Cult Classics: GameCube • Page 3

Part 2: Fear, frolf, farming and a bit more drumming.

Harvest Moon: A Wonderful Life

  • Developer: Marvelous Interactive
  • Release: 2004

It's regarded as a mis-step by many long-term fans of the series, but for some (and for many newcomers), this stripped-down, socially focused, incredibly laid-back 3D Harvest Moon was completely spellbinding. It's certainly unique - there's still nothing else like it, within the Harvest Moon series or outwith. Noob Tom loved it, finding that it awakened in him that same weird, paternal investment that made most fans fall in love with Harvest Moon years before. It's a calm, relaxing and charming game, with enough hidden weirdness to satisfy any cult collector.

What we said: "This truly delivers exactly what it promises: A Wonderful Life."


  • Developer: Skip
  • Release: 2003 (Japan-only)

This really is a weird one. It falls into that Harvest Moon/Animal Crossing category of sort-of freeform games set in an odd town, and casts you as a boy who's missed his coming-of-age ceremony and is forced to wander around with his face pixellated and a ball and chain around his ankle as punishment. The game's basically about redeeming yourself and learning how to come of age, which involves helping people, as it turns out, as you learn after a few weeks of service to the money-obsessed town mayor. You run around collecting people's problems (most of which, humourously, you cause yourself), eating mushrooms and getting to know the mental townspeople. What makes Giftpia worth a look for non-Japanese-speakers are its brilliant offbeat musical score, made up of contributions from over 20 Japanese bands, and its psychedelic visuals. Even without a word of the language, this is a trippy and quite awesome aesthetic experience - actually playing the game is simple enough to just pick up, and the slapstick, gesture-heavy character interactions mean that you'll know what's going on, even if you do miss out on the characters' mad dialogue.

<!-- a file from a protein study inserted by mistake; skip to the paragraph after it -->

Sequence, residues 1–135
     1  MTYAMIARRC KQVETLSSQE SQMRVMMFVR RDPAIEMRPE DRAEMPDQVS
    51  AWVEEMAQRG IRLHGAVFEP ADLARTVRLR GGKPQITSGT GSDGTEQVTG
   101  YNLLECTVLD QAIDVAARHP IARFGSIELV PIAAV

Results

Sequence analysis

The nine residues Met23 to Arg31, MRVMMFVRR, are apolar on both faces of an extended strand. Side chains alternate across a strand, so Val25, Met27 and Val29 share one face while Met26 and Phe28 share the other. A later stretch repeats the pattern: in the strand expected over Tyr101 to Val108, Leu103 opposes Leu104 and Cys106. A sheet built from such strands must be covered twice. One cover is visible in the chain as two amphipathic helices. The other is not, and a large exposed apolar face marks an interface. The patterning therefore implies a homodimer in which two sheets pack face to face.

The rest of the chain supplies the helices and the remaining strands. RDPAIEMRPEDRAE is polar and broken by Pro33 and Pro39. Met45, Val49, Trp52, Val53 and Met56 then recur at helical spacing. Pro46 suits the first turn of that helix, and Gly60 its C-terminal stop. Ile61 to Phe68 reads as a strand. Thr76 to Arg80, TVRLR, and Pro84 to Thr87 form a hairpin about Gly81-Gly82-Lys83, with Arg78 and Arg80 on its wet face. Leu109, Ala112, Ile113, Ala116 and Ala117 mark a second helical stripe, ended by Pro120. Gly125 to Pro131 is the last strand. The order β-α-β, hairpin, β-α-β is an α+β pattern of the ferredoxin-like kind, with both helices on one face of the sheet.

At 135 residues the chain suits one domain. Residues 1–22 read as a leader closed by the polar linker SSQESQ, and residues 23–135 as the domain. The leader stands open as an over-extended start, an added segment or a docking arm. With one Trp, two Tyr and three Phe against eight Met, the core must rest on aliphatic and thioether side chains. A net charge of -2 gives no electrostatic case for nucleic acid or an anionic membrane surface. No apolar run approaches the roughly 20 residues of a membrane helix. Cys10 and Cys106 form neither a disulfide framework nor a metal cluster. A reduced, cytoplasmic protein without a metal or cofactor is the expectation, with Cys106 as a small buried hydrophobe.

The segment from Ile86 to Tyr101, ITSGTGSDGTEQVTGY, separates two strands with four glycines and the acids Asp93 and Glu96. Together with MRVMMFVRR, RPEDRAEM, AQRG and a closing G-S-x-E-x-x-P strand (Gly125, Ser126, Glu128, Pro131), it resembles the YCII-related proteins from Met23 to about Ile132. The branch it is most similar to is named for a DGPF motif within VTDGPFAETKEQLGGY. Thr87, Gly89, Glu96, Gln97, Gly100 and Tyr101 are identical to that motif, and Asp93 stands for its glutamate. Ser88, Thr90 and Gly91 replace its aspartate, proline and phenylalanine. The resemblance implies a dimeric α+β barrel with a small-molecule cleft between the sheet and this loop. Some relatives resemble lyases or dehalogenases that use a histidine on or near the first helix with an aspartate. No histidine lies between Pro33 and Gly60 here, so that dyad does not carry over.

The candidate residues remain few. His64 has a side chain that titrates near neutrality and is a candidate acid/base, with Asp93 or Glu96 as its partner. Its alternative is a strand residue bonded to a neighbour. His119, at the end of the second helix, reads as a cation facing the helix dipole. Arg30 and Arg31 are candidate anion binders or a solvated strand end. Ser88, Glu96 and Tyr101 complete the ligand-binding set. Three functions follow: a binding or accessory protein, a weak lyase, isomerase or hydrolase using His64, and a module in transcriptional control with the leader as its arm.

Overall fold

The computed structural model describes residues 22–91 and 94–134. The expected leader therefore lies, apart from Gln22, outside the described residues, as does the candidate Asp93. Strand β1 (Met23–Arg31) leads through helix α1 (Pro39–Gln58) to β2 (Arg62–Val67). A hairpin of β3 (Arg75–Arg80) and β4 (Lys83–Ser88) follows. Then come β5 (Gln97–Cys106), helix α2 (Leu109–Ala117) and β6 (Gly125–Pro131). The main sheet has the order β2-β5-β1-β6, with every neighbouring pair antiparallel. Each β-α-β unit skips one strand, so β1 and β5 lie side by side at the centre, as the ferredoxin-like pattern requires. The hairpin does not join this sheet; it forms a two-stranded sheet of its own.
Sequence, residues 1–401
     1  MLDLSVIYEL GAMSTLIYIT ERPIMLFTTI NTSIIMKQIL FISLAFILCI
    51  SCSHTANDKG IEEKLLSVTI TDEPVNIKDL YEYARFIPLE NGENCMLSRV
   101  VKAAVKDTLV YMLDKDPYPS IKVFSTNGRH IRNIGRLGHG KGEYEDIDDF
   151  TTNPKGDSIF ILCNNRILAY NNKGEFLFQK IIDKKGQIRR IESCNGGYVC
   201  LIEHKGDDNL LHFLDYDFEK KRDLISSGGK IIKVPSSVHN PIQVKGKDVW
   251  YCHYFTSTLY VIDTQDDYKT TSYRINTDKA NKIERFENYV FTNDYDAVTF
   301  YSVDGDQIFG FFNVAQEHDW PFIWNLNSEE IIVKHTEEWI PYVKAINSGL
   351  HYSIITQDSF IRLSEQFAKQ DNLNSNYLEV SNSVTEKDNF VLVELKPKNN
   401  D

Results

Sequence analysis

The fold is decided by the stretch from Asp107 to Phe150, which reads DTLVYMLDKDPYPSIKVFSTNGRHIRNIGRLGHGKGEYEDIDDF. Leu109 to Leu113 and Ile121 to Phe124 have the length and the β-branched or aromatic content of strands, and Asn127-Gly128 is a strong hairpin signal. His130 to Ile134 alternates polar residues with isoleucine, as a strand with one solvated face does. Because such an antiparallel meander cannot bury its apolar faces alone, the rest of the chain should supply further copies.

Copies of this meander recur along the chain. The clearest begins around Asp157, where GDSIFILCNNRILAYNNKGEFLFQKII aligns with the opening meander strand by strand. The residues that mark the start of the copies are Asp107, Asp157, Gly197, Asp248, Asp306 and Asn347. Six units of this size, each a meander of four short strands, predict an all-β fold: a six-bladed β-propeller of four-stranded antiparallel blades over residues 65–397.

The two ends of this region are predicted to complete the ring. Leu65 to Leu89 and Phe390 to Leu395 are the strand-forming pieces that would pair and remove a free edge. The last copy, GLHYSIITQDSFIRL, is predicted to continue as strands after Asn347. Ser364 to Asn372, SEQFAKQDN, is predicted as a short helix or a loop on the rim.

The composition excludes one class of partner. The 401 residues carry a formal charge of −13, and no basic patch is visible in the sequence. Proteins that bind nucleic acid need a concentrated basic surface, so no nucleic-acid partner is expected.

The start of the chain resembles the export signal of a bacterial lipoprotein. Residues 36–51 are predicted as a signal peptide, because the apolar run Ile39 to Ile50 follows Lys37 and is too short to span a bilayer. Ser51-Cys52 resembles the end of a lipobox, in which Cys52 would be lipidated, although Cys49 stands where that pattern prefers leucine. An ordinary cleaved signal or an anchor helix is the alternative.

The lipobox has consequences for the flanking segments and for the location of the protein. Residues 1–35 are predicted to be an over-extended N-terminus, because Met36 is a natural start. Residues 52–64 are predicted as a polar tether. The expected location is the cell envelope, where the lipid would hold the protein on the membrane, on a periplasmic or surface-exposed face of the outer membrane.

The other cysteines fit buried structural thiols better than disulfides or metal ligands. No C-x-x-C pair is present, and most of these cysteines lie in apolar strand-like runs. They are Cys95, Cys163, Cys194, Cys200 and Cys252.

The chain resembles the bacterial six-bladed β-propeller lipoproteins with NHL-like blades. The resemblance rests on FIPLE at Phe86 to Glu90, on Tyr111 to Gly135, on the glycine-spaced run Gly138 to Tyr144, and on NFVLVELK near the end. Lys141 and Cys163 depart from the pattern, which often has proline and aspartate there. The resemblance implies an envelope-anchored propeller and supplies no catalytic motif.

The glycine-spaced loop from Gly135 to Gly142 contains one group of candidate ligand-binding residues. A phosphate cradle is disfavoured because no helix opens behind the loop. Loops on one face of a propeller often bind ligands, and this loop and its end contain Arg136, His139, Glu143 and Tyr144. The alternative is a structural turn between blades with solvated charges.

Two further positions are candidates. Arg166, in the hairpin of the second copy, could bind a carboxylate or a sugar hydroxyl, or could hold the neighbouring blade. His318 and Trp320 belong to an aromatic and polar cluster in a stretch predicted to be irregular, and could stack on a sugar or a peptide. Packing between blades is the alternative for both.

What we said: Never reviewed. To be fair, nobody outside of Japan ever even touched it.

Harvest Moon: Magical Melody

  • Developer: Marvelous Interactive
  • Release: 2005

I reckon this is the best Harvest Moon game ever made - more industrious than A Wonderful Life, considerably more expansive, but less social. It's still a beautiful escape to a virtual world where hard work always pays off and cows have happy, lovely faces, and the musical notes system adds a new Achievement Points-esque style drive to the game beyond the simple and addictive allure of just farming. Plus, there's no need to buy separate boy and girl versions, as you can play as either. The characters have just enough definition to make you form an attachment, and because you live within the town instead of on the outskirts, you feel a part of the community and an attachment to setting like no Harvest Moon game has ever provoked before. Absolutely essential.

What we said: "If there's a hunger inherent to Harvest Moon: Magical Melody, it's the hunger to keep playing it until you've seen it all, and it'll be a long time until it's sated."


  • Developer: Treasure
  • Release: 2003

We don't really need to introduce Ikaruga. It's a twitch-gaming work of art, an incredibly rare Dreamcast vertical shooter whose re-release on the GameCube gave it a new chance to reach the audience it was meant for. It is genuinely a masterwork of the form, and the selection of difficulty levels does nothing to soften its rigorous, gloriously punishing difficulty. It's a masochistic breed of gamer that enjoys challenges like this, but you don't have to be able to play it with your feet like that terrifying Korean boy in order to enjoy it.

What we said: "This is perhaps the purest gameplay experience you'll find for a long time."

Come back tomorrow for part three. Alternatively, cancel your subscription.

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